(photo credit: ASSOCIATED PRESS)
WASHINGTON — The Obama administration is sending its No. 2 diplomat and three top Asia experts to China next week for talks on North Korea as Washington presses a reluctant Beijing to do more to rein in Pyongyang.
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Deputy Secretary of State James Steinberg will lead the delegation to Beijing for the talks, the State Department said Tuesday. "They will meet senior officials to continue consultations with the Chinese on regional security issues, including recent developments on the Korean peninsula," said a statement.
Earlier Tuesday, Steinberg gave a talk to a Washington think tank in which he urged China to press North Korea harder on halting provocative acts. His comments were the latest in a string of appeals from US officials for China to use its influence with North Korea to reduce tensions.
The trip follows a State Department meeting on Monday between Secretary
of State Hillary Rodham Clinton and the foreign ministers of Japan and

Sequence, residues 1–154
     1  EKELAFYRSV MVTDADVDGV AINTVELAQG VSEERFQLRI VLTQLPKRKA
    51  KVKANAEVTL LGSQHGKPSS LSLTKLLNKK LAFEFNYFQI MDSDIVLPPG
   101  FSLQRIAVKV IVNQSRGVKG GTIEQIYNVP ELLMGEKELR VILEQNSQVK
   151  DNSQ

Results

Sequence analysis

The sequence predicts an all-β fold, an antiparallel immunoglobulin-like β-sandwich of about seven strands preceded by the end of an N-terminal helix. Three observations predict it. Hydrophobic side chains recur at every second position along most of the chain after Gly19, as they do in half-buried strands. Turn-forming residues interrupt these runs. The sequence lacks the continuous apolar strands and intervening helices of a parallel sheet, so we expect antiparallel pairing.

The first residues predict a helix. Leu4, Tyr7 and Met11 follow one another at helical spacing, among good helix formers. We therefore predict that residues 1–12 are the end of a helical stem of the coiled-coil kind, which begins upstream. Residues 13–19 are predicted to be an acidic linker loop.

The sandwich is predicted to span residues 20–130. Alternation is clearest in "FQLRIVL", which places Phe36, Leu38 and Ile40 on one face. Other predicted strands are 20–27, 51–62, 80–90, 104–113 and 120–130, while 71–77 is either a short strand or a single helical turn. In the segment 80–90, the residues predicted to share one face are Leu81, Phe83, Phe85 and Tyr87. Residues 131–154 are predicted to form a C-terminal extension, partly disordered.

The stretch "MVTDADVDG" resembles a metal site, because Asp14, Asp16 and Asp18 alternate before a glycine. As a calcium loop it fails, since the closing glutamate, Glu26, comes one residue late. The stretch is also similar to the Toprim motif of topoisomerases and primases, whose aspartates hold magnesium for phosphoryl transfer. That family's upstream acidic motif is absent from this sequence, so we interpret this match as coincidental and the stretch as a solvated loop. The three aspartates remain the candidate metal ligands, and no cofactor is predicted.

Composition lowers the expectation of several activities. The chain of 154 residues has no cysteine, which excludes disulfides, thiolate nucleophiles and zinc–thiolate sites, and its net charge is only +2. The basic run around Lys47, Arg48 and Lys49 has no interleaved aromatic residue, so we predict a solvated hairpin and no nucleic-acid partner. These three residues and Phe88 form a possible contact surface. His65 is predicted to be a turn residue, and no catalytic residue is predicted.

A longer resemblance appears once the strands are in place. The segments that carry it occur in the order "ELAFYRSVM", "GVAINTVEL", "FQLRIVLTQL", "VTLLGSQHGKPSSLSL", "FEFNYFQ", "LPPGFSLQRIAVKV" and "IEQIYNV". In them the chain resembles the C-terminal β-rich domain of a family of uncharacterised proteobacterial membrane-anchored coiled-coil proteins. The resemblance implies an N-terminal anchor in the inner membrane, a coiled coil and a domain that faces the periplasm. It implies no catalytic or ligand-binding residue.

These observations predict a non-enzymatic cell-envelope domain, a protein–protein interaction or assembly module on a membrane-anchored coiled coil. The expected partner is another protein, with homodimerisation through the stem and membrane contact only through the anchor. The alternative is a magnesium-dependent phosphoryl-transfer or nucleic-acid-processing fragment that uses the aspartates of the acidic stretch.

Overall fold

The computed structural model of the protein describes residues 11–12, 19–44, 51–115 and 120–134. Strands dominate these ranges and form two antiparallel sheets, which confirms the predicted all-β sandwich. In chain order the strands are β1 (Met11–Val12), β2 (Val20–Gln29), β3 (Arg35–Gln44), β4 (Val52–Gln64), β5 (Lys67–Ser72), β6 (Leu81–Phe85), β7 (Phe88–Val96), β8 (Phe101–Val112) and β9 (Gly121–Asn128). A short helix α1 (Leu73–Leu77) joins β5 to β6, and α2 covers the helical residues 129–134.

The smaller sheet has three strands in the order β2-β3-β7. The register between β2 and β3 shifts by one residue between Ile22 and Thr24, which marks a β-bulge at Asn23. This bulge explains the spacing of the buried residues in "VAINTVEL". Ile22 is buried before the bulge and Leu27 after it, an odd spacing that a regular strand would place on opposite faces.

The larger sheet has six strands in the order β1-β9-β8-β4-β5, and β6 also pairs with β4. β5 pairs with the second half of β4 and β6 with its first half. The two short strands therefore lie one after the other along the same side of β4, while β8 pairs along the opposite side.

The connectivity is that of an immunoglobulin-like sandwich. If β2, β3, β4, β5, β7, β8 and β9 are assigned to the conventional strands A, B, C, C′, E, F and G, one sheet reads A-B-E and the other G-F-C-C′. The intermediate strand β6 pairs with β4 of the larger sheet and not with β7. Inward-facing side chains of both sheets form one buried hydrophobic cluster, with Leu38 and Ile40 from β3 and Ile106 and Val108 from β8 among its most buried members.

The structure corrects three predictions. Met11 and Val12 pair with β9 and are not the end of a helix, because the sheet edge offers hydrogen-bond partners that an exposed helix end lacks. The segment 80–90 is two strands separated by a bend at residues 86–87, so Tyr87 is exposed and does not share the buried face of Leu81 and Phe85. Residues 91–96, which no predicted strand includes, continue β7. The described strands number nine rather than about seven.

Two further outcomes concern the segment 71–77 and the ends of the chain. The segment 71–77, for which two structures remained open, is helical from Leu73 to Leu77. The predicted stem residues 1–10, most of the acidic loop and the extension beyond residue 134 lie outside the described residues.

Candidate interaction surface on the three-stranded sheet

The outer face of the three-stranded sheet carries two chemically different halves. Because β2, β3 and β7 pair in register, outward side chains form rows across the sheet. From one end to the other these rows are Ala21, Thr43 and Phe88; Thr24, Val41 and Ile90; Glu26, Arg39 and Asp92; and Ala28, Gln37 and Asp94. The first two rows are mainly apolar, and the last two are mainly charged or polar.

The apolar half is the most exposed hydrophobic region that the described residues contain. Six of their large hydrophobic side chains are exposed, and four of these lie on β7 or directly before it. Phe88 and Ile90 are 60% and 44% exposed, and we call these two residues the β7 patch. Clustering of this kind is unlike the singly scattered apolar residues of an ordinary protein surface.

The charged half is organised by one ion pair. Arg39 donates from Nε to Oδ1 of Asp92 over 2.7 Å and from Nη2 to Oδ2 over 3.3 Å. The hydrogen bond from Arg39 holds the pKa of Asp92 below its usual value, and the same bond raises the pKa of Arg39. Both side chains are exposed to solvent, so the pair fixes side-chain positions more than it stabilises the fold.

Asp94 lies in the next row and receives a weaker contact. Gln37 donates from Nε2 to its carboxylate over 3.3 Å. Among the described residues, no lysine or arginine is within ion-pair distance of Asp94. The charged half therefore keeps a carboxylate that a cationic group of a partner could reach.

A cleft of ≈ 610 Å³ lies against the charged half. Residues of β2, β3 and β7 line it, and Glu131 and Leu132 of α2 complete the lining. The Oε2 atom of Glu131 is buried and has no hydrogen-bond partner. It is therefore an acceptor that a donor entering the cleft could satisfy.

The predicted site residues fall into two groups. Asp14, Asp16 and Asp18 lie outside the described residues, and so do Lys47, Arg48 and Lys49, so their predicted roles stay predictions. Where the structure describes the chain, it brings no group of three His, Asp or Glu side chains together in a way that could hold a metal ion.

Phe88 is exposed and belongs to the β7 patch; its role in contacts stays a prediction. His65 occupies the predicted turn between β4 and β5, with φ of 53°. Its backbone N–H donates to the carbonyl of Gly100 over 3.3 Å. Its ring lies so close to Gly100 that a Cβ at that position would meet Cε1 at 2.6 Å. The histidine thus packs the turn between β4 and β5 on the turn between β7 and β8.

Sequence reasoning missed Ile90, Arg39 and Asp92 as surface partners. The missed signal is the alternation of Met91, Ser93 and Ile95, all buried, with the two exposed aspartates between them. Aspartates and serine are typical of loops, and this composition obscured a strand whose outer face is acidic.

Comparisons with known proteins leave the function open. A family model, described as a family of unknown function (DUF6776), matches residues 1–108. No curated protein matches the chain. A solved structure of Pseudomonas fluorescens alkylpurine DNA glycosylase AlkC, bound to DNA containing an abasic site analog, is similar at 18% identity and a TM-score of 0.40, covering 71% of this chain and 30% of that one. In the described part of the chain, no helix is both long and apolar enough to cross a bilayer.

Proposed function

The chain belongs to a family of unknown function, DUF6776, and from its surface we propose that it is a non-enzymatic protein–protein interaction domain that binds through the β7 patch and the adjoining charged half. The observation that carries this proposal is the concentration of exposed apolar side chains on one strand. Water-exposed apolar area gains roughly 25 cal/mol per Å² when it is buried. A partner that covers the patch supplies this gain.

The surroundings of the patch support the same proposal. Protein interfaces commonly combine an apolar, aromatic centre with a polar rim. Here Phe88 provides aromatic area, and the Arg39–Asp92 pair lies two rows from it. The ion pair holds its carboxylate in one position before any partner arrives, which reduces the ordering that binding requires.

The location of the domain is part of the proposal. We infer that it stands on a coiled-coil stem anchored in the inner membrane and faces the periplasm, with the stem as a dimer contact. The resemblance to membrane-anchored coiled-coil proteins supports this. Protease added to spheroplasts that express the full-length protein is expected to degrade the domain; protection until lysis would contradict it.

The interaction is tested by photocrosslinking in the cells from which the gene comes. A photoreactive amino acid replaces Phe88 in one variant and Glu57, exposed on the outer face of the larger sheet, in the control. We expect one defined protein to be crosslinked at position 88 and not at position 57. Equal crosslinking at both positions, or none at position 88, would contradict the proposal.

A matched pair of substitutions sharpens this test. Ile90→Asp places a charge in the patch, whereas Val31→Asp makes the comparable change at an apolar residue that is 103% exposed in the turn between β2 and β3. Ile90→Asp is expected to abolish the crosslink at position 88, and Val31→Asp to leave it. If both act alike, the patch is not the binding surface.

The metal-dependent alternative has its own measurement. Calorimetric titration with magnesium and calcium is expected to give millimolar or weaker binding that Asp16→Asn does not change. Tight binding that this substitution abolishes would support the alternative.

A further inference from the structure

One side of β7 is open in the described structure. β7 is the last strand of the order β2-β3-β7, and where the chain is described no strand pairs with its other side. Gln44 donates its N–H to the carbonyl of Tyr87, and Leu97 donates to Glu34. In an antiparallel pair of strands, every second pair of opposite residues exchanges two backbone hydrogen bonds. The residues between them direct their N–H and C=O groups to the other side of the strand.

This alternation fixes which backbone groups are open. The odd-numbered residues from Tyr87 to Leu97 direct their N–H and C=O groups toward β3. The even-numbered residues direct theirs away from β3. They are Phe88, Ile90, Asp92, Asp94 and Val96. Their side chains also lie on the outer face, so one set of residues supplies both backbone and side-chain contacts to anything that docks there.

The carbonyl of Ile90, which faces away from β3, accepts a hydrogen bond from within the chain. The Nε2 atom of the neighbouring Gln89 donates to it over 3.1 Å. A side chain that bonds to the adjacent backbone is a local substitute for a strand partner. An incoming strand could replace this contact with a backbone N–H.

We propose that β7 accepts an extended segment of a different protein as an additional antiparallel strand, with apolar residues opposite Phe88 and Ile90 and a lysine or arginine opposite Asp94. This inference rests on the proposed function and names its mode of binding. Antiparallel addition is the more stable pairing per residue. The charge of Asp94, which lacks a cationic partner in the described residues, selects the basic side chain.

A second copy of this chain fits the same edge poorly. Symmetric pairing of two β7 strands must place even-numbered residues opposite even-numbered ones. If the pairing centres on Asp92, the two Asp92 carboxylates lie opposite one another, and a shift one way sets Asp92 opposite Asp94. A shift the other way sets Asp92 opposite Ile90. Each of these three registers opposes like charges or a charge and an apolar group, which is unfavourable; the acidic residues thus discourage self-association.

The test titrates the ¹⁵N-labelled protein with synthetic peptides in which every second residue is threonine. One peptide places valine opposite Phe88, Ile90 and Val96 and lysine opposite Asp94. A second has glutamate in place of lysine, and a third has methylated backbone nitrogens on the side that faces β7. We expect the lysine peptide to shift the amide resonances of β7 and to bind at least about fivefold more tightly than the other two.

South Korea in which they called on the North to stop "belligerent"
behavior, citing a deadly artillery attack last month. They also
rejected China's call for immediate talks with North Korea, saying the
North first needed to prove its commitment to peace and return to
six-nation nuclear disarmament talks.
Steinberg will be accompanied to China by the top Asia official at the
National Security Council, Jeffrey Bader, the top US diplomat for east
Asia and the Pacific, Kurt Campbell, and the US special envoy for
six-party talks, Sung Kim.
After meeting with the Chinese in Beijing, Steinberg and Bader will
return to Washington on Dec. 17. Campbell will travel to Tokyo for talks
with Japanese officials and Kim will see South Korean officials in